One counter to this line of thought is that we may define “trusting others” in a way that excludes giving over our full, unconditional trust in their person. For example, you might trust your barber to do a good job cutting your hair but you may not trust him with painting your car. Similarly, you might trust a friend or family member to provide emotional support but not sound financial advice. This conceptualization of trust – which I suspect is the one most people will find agreeable and practicable – wherein trust is conditional greatly complicates analysis of our original question. Even taking as true that unconditional trust is illogical, this does not make conditional trust illogical. There is also another question raised by this analysis which is whether or not interpersonal relations, and by extension society, can function without any form of trust. If we had a total lack of trust would we be able to form even the smallest of collaborative groups? What would such a world without trust look like? It’s possible that such a trust-less world results in rapid human extinction due to a total inability to cooperate at any level. Conversely it may result in a world where might truly makes right, with those in power lording over everyone under their dominion in what would surely be a hellish dystopia where paranoia runs rampant and attempts at subversion of the dominant power structure never cease.
What this ultimately leads us to is the suggestion that whether trust, in and of itself, is illogical or not is the wrong question to ask, and that the right question is whether or not trust is necessary. Without at least some degree of conditional trust, it would appear that building healthy societies is an impossibility. Examining the issue through the lens we have created here with our brief thought experiment, there may still be questions about the logical feasibility of conditional trust, but it is certainly a far more defensible concept than absolute trust. Conditional trust opens some “breathing room” in terms of how you define your trust in a given entity, thus allowing for things like inconsequential or otherwise minor mistakes to be looked over in favor of maintaining the social order built around said trust. It also allows for the trusting of individuals unworthy of unconditional trust to carry out certain tasks or to behave in a certain manner while retaining the expectation that said individual should not be relied upon otherwise.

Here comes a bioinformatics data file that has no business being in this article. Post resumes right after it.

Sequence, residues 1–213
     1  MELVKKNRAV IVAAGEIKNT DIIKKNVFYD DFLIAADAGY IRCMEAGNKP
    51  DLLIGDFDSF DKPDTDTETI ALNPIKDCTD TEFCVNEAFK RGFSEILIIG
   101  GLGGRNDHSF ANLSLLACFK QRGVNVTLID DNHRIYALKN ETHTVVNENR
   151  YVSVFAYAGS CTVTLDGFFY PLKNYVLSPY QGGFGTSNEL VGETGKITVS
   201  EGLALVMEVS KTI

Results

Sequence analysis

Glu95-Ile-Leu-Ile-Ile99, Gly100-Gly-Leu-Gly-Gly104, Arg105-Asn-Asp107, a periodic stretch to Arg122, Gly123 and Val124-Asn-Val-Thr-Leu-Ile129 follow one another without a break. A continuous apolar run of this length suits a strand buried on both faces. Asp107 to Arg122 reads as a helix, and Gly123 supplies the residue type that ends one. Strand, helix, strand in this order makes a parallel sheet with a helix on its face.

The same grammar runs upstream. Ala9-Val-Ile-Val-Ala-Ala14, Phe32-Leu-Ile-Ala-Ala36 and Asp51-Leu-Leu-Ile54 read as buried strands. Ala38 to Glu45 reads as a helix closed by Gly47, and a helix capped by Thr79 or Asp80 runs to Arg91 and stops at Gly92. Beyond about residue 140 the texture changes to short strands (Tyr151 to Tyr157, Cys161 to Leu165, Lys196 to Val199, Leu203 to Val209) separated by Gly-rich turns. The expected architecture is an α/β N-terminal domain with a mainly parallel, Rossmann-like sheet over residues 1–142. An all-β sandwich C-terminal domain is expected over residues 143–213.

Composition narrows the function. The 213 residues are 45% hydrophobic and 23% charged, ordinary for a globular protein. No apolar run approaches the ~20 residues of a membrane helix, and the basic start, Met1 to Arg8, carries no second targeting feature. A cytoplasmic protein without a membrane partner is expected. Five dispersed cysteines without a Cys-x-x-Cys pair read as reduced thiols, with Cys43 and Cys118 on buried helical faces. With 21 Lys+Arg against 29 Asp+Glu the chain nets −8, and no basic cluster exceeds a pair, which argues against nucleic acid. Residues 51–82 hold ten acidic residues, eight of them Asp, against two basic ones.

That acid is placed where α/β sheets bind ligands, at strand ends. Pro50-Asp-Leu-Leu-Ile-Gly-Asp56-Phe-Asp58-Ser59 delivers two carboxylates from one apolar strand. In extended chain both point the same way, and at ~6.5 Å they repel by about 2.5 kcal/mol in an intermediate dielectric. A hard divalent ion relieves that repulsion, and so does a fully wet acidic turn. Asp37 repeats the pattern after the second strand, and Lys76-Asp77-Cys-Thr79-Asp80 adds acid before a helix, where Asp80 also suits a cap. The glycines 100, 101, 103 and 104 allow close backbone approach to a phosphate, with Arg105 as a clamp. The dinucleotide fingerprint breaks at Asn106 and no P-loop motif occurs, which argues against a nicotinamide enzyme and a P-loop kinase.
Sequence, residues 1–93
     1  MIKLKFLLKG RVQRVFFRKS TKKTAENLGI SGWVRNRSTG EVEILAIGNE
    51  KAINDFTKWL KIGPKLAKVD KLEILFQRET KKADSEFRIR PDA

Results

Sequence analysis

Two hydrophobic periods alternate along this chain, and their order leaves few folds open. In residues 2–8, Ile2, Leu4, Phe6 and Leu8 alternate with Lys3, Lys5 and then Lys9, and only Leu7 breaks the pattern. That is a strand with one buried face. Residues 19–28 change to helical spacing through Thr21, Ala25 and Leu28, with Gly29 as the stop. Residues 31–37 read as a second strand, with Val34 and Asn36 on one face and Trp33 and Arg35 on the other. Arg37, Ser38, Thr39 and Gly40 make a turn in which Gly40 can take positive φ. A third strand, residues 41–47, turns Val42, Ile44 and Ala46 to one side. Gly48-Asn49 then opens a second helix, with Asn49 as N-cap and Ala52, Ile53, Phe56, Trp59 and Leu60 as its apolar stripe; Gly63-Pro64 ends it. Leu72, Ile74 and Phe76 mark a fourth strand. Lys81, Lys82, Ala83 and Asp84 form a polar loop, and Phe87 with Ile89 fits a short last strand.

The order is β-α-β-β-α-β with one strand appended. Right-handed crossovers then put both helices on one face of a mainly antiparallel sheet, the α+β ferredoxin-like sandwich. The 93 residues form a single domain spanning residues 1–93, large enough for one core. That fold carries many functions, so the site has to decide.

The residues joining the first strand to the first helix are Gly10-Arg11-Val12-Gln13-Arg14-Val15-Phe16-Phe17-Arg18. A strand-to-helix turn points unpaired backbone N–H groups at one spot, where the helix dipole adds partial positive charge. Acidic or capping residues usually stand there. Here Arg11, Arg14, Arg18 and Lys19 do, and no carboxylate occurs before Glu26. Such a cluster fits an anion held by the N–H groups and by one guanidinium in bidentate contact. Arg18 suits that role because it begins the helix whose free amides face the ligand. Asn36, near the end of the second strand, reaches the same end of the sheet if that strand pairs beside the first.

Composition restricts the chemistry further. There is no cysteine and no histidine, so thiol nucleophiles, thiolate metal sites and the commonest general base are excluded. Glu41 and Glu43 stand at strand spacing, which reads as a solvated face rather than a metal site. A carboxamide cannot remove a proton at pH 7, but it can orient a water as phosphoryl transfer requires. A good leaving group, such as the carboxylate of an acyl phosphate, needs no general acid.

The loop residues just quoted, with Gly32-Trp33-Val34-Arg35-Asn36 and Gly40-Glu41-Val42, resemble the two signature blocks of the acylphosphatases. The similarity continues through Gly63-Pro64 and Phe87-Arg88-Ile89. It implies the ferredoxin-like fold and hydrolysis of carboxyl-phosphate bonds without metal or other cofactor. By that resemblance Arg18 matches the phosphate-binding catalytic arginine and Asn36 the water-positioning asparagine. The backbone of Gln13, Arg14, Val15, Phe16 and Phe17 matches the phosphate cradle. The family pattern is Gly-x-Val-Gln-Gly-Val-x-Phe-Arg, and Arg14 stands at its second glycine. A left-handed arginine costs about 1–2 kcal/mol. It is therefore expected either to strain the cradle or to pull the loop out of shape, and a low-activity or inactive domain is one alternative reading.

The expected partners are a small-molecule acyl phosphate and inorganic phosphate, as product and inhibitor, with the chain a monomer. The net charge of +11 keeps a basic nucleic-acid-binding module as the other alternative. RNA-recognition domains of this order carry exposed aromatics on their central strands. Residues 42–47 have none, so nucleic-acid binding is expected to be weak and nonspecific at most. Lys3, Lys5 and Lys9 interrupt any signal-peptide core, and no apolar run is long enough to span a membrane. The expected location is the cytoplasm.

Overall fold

To get back to the point, what this revelation regarding the feasibility of unconditional trust vs. conditional trust and society’s dependency on trust to function shows us is that unconditional trust – applied as a rule – appears to be illogical. However, given how human beings generally function, we may need to at least practice conditional trust or what I would term “fluid trust”, wherein our trust is tailored to fit the situation, being allowed to “fill in” the voids where it is needed and having its access dammed off where it is not. This fluid conceptualization of trust is much more flexible and appropriate for beings which are as deeply flawed as ourselves, and may be one key to maintaining a healthy social order. After all, without any trust it appears that creating, growing, and maintaining even the smallest of cooperative groups wherein individuals are at least roughly co-equal is impossible.
To conclude, I posit that holding unconditional or absolute trust in other humans is illogical due to the innate flaws of human beings, but some form of conditional trust – such as the fluid trust described before – seems necessary to maintain even the vaguest semblance of a healthy society. Without any trust at all, it is likely that our societies would rapidly devolve into arenas of all-out conflict where ethics and societal progress are but words in the wind.